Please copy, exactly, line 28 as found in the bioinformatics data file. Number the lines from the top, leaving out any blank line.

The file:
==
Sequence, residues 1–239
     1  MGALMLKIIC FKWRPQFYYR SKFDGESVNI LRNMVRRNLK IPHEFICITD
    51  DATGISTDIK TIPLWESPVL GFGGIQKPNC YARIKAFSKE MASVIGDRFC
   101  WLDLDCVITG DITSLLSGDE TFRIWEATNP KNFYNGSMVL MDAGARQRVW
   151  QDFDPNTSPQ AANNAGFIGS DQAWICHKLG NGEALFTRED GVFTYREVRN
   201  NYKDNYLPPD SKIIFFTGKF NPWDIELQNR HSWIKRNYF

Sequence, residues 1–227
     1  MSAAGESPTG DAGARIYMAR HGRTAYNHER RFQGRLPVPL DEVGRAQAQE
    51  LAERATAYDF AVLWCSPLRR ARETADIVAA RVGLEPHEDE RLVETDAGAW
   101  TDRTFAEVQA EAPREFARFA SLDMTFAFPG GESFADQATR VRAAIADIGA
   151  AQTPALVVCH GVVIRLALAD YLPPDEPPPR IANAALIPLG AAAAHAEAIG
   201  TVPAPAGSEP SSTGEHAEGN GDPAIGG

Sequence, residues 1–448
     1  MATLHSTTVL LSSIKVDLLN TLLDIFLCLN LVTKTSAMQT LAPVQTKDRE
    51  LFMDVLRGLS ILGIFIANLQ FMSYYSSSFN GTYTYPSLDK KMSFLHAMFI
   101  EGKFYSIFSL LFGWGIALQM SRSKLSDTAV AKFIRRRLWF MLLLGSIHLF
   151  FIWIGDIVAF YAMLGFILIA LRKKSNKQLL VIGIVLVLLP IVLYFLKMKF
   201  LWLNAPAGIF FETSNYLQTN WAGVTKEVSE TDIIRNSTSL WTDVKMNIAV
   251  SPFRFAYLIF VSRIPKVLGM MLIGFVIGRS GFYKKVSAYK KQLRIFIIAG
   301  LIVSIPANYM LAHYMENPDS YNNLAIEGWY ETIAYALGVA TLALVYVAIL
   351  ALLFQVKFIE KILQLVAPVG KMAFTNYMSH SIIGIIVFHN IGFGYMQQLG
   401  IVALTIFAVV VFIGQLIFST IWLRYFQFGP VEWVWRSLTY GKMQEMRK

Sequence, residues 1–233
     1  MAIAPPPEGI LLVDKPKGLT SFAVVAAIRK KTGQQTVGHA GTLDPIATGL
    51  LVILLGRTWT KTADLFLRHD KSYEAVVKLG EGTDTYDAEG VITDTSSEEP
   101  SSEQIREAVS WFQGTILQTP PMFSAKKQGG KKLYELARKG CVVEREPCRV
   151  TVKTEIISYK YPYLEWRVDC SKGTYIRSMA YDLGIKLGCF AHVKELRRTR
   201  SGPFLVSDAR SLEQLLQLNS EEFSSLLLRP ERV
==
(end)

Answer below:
   201  SGPFLVSDAR SLEQLLQLNS EEFSSLLLRP ERV